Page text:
Wednesday, June 11, 2008

The Parking Lot

The sight of the earrings triggers all of Jeff’s memories of that night. They grow vivid within his mind as he pulls further off the highway—how he’d stayed there, in the backseat drinking until five in the morning, slowly running his fingers along her side, knowing that once he left the van and stepped into his house there wouldn’t be anything that he felt like touching the way he felt like touching her. So he grabbed her thigh hard. He pushed her onto her back and he held her there with his eyes closed trying his hardest to freeze time.
She had stuffed her earrings into the seat pocket when she was taking off her shirt and she laughed. She told him she thought he was handsome and kind. The windows were beginning to fog. His hands were on her stomach and her kisses were long. When he dropped her off at her apartment a few hours later, he could have sworn she had had them on, there was that jingling in his ear when she kissed him goodnight.

It is the middle of the night and the parking lot is nearly empty. A few semi trucks are parked along the metal barrier that separates the highway traffic from the plaza. The truckers must be sleeping. Right now Jeff feels like he needs some sleep more than anything. Joanne has her feet up on the dashboard and is biting her nails.
A woman wearing a bright orange vest and long earrings walks in front of the van towards the McDonalds. Jeff finds an empty spot far away from any other car and parks quickly. He pushes the keys into his pocket and they rattle up against some loose change. He pulls out a cigarette, opens the van door and steps outside.
The first drag of his cigarette is always Jeff’s longest. Cigarettes are his only form of relaxation nowadays so he tries to take them slow.
As he stands there smoking, he watches the Hummer roll over and over again in his mind. What if he hadn’t turned around in time? What if he had crashed and they began to flip across the highway? He thinks about what it would feel like to be thrown across lanes at high speeds. He thinks about where the majority of damage would have occurred if the van had really flipped. The Hummer is a stronger car. It is built to take a crash. The van would have faired far worse. They would all be dead.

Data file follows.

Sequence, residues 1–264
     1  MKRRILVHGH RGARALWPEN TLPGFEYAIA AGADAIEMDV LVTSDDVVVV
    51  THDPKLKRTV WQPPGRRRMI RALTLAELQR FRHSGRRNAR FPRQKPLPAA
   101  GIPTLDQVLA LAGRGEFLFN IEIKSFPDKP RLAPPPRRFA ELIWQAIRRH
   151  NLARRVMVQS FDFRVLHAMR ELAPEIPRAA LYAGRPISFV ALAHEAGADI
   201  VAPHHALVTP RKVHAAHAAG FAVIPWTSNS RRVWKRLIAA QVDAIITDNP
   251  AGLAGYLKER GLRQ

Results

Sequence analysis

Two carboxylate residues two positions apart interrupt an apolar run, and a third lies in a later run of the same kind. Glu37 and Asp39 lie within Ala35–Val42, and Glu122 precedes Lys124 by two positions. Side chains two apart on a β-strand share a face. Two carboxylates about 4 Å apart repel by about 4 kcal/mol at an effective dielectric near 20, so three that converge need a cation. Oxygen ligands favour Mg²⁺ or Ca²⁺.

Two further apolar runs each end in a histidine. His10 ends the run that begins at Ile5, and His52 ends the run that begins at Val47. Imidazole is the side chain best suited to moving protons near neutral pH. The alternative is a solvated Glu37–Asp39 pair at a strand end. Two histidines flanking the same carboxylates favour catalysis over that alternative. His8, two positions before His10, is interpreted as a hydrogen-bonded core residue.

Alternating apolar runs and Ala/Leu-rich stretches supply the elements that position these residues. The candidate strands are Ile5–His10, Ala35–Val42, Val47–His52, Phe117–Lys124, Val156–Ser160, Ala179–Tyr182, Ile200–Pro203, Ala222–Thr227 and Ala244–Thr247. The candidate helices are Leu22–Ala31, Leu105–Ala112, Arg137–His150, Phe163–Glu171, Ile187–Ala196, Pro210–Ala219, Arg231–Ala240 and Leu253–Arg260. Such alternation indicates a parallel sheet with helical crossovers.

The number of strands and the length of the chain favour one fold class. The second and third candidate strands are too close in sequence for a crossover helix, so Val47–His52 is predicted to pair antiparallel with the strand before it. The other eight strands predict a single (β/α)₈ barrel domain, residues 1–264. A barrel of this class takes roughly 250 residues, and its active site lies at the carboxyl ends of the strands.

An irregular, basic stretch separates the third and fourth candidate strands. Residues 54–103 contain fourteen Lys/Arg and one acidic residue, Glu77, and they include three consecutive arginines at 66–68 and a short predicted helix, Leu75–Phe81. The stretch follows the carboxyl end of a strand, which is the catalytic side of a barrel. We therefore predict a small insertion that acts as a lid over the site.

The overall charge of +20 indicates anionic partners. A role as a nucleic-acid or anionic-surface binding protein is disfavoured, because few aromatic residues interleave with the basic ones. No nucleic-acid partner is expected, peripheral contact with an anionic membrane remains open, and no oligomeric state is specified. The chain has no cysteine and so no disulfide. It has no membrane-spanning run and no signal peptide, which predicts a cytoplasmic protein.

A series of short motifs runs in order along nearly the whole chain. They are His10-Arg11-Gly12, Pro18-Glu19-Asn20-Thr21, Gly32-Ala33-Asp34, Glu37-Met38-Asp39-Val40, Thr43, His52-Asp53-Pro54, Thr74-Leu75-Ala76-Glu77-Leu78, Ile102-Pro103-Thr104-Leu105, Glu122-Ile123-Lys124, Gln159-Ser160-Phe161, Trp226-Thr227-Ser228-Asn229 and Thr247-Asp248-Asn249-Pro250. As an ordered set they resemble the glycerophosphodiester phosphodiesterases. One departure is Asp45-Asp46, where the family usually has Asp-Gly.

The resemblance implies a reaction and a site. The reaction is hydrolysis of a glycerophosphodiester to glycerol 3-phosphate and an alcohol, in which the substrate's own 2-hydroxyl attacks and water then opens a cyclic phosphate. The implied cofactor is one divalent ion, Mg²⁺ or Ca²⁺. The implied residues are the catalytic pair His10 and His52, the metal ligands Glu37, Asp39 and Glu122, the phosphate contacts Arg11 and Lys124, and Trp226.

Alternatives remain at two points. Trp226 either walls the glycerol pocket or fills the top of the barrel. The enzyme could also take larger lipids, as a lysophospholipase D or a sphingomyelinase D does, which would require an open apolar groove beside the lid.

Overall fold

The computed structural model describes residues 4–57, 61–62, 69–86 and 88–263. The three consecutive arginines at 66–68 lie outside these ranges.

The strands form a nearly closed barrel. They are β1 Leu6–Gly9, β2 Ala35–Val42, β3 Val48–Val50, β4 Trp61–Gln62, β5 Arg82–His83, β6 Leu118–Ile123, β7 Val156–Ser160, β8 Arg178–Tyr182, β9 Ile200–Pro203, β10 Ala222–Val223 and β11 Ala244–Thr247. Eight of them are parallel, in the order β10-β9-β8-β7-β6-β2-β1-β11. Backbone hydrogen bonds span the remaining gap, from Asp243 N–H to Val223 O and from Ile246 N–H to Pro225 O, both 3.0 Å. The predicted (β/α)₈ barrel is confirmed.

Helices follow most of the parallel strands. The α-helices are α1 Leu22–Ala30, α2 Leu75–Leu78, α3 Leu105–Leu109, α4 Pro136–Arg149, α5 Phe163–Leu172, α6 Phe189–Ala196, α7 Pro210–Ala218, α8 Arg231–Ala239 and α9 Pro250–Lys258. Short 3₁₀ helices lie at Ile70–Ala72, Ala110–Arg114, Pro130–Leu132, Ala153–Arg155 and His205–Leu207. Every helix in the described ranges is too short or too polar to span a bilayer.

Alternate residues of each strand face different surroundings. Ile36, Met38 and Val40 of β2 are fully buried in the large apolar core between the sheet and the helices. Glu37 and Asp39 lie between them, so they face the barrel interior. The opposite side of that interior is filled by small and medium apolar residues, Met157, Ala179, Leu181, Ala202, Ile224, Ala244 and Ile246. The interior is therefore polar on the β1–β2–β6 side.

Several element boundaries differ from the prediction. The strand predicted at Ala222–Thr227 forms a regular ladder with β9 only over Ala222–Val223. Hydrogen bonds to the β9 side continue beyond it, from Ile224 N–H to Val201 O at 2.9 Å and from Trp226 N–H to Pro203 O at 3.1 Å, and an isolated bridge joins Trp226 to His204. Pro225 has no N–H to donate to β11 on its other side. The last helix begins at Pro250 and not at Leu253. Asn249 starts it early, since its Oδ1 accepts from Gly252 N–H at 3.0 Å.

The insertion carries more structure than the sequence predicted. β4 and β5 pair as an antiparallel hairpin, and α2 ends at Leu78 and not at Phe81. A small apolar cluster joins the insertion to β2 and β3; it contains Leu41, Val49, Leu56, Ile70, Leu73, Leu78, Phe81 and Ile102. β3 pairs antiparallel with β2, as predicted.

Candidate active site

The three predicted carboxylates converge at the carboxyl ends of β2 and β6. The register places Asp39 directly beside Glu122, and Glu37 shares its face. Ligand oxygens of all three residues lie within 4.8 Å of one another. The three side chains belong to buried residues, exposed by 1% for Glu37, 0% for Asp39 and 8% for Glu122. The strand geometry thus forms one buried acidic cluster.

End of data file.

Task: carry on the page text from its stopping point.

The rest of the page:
Jeff finishes his cigarette and wonders what it would be like to die on the side of the road, miles from home; his last seconds alive spent watching complete strangers bang on his window. Screaming at him. Asking him if he was ok. Of course he wouldn’t be ok. He would be dying. He walks towards the rest area to take a piss.
The van has stopped moving but Joanne’s hands and legs are still shaking. She slides her heels off the dashboard, slips on her shoes and unhooks her seat belt. Her heart is racing, wishing someone was there to hold her.
There was a time when she wished he would sit close to her while they drove, to hold her shoulders, blow her kisses and grab her thigh, but now she just makes herself as small as she can and presses her body up against the passenger door. She spends her time doing puzzles, or sleeping, or listening to audio books of James Patterson on her headphones.
In the backseat, Fortune curls up into a ball and holds his seatbelt in his hands and pulls it to his chest like a teddy bear. His heart is beating fast. He feels like he just went on a roller coaster, his stomach feels all twisted. He closes his eyes and thinks really hard about Round Island and the treasure he will find hidden beneath it.

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